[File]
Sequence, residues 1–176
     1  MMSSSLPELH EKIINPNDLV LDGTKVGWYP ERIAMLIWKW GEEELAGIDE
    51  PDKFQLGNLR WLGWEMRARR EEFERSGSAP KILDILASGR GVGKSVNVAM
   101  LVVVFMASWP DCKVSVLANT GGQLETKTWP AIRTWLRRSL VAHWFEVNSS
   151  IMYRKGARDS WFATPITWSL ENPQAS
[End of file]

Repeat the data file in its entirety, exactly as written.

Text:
Sequence, residues 1–176
     1  MMSSSLPELH EKIINPNDLV LDGTKVGWYP ERIAMLIWKW GEEELAGIDE
    51  PDKFQLGNLR WLGWEMRARR EEFERSGSAP KILDILASGR GVGKSVNVAM
   101  LVVVFMASWP DCKVSVLANT GGQLETKTWP AIRTWLRRSL VAHWFEVNSS
   151  IMYRKGARDS WFATPITWSL ENPQAS